False and Invalid:
Some men are green.
Socrates is a man.
Therefore Socrates is green.
True but Invalid:
Some men are mortal.
Socrates is a man.
Therefore Socrates is mortal (Bluedorn).
For informal fallacies, the form itself does not matter, but the soundness of the argument is the key. Here the premise is not acceptable. (Bluedorn). Examples of this include fallacy of composition (believing what is true of the parts is true of the whole) ad populum (an appeal to the major premise that what the majority likes is good), ad baculum (an appeal to force) (Capaldi 43-44), ambiguity in the terms, and even equating things that are not equal (Bluedorn).
4.What is the difference between an inference and a premise? (minimum 100 words)
Premises are the statements used in an argument that support the conclusion that is drawn. They require no outside knowledge, and no outside belief. All one needs to reach the conclusion are the premises that are presented. An example of an argument based on premises is:
All men are mortal.
Socrates is a man.
Therefore Socrates is mortal (Bluedorn).
On the other hand, inferences as described in question two, require belief. An inference requires outside knowledge that is not provided. An example of this would be that if I see and smell smoke, I would infer that there is fire. I would not know whether or not there is, but my past experience, and my belief that where there is smoke there is fire, would make this a logical inference. The inference would not be valid though unless I searched it out and found that there was actually fire causing the smoke.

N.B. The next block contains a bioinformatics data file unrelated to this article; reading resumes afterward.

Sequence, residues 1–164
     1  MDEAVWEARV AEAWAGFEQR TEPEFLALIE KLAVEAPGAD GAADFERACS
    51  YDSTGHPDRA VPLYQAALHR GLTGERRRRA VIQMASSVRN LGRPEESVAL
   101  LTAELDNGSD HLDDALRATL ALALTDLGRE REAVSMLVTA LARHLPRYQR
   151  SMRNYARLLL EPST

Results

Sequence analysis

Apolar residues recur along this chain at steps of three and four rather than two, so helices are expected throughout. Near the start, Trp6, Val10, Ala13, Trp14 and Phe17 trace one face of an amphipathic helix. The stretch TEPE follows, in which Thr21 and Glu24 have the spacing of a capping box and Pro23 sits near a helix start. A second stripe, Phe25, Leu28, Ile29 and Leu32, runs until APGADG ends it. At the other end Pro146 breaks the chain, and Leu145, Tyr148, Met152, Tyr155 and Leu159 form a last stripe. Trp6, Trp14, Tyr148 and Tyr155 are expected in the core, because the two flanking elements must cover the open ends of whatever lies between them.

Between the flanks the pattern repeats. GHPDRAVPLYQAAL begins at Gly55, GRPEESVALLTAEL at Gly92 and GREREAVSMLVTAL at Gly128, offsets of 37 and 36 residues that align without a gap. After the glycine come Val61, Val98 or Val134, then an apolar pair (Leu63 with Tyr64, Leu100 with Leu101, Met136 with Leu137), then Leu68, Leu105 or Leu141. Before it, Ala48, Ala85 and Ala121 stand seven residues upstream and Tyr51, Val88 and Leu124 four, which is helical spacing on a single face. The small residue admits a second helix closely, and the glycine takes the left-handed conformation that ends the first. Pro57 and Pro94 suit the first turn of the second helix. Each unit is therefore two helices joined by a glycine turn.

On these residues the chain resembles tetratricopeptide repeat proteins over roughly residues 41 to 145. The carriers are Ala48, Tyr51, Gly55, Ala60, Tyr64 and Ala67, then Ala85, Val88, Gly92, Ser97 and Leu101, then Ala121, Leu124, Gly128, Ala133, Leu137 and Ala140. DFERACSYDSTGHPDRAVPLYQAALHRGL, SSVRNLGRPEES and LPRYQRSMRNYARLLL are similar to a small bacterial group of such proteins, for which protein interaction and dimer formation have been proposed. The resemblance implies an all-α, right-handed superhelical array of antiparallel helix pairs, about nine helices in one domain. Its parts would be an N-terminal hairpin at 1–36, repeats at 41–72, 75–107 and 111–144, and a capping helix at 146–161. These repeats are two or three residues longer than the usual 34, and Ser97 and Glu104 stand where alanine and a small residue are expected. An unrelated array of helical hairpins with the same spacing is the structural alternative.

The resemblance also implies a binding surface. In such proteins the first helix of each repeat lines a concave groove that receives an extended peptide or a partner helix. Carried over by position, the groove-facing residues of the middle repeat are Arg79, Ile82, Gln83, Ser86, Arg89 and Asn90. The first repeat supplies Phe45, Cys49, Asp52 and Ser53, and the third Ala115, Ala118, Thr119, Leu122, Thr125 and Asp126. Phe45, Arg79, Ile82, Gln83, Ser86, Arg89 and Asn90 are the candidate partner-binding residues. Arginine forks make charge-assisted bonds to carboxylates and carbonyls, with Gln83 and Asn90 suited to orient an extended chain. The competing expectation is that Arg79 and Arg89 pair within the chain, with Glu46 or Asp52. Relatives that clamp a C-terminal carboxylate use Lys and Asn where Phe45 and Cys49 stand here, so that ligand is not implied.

5.Discuss the effect of bias on thought and moral reasoning. (minimum 100 words)
Everyone has their own biases and these biases have an effect on how one thinks and their moral reasoning. A bias is defined as a preference or inclination (bias). This will of course influence a person’s thought process since they are already inclined to believe in certain things due to their bias.
Biases also have a profound effect on moral reasoning. If one is already inclined to believe in something, that belief to them is moral. Anything that is contradictory to this belief will automatically be thought of as wrong or immoral by the person. Biases effecting moral reasoning are very easy to see if one looks at religions.
The major three religions, Judaism, Christianity, and Islam all teach the same basic things. However, because the people in these religions are raised with the bias that their religion is the one true religion, they automatically dismiss the others as irrelevant or even evil. Historically this is how a religion that has the commandment “Thou shall not kill” went out and killed numerous of people during the Crusades and Inquisition. The bias has changed their moral reasoning so that it was proper to kill because they were not of their religion.